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Davis, Shaver, & Vernon (2003)

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1 Davis, Shaver, & Vernon (2003)
Physical, emotional, and behavioral reactions to breaking up: The roles of gender, age, emotional involvement, and attachment style Davis, Shaver, & Vernon (2003)

2 Introduction Anxious attachment associated with negative physical & emotional responses upon relationship dissolution Few studies have examined behavioural responses & individual differences PURPOSE: examine dysfunctional reactions to breakups among attachment styles Distress/preoccupation Ambivalent acting out Coping & resolution Few studies have shown that attachment anxiety is associated with enhanced distress upon breakups. This study serves to expand on this scarce literature by examining attachment-related reactions to breakups ranging from stages of distress through coping to eventual (or as you’ll soon see, lack thereof) resolution.

3 Adult Attachment Regulation of Distress Secure Anxious Avoidant
Adaptive coping Understanding perspective Avoidant Fewer emotional expressions Greater emotional avoidance Anxious ‘Coercive’ strategy Aggression & Seduction Adult attachment theory – I know we have gone through the theory of attachment a number of times now, so I will just briefly recap the strategies of adult attachment styles An individuals attachment stystem is activated during times of distress to either self, attachment figure, or challenging situaitions which the person may be motivated to find a secure base Attachment and the regulation of distress is what characteristics of each attachment style we expect to see in the context of relationship dissolution

4 Attachment Perspective on Loss (Bowlby, 1980)
Protest Despair Reorganization/Reintegration Individual difference in ‘disordered mourning’

5 2. Preoccupation/Exploration
Examined Reactions 1. Protest & Distress 2. Preoccupation/Exploration 3. Coping Strategies 4. Resolution Protest & Distress: -Threat to availability of attachment figure -Ambivalent reaction: Desire ↔ Hostility -Emotional involvement as fn of attachment style Preoccupation/Exploration Concerns the excessive preoccupation or Constant attention of thoughts, of the lost partner. This increased attention of ones thoughts can thus in turn affect the level of attention that one can have in their daily functioning Coping strategies Differences in adopted coping strategies between attachment styles Resoltution: Resolcing loss of partner goes through the natural grief process (depression, crying, sorrow), but this for some people can be extended or short lived, known as a maladaptive groefing period Resolution also involved integration of thoughts, memories, and feelings from previous relationship to allow ourself to continue on with our identiy and keeping our self-concept It is believed that examining attachment styles in terms of resolution may reveal certain patterns of grieveing, or lack thereof, that may nterefere with individuals contining on in life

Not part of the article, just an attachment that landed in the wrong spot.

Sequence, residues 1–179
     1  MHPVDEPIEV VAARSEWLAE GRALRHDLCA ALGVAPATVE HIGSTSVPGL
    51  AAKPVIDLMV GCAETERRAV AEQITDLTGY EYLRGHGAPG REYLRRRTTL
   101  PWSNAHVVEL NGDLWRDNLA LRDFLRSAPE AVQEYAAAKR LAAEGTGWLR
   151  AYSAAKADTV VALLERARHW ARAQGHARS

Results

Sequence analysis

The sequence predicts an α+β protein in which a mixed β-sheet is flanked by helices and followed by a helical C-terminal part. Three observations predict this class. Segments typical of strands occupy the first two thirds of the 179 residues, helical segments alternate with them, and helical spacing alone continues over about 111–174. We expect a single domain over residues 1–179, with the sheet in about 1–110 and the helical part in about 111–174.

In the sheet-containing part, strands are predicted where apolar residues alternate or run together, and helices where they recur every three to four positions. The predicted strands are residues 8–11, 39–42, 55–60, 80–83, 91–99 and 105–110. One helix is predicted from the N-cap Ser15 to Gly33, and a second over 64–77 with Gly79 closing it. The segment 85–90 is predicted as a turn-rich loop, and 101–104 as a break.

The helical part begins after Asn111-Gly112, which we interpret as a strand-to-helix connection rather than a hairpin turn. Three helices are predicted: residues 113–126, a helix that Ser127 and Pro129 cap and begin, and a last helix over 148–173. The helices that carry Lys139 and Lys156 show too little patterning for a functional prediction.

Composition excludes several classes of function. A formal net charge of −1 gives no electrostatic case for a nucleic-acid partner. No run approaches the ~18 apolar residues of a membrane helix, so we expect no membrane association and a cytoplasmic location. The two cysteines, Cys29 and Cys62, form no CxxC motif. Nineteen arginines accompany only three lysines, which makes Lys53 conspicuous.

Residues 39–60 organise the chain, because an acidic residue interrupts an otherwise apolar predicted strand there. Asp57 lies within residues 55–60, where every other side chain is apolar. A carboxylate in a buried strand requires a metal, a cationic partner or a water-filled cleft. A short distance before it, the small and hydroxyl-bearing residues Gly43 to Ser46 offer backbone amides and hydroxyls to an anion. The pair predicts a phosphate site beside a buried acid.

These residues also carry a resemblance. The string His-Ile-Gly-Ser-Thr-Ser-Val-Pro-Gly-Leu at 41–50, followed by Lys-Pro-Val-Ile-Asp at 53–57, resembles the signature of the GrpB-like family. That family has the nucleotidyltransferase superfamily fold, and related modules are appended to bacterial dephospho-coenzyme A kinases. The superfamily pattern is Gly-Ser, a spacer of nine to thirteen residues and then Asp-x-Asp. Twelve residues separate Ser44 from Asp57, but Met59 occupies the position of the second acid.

6 Method Participants Procedure Measures Analysis
n = 5,248 (64.4% female); age 15 – 50 (85.4% age 15 – 29) Procedure Internet based survey Measures Experiences in Close Relationships (ECR; Brennan et al., 1998) Reactions to Breaking Up (author constructed; 72-item) Demographics (e.g., who terminated relationship, emotional involvement) Analysis Series of correlations & regressions

7 1. Protest & Distress Protest Distress
Characteristic when threat to availability Ambivalent acting out – ‘bipolar’ between desire ↔ hostility Distress Emotional & Physical Lost interest in sex Blame of loss Guilt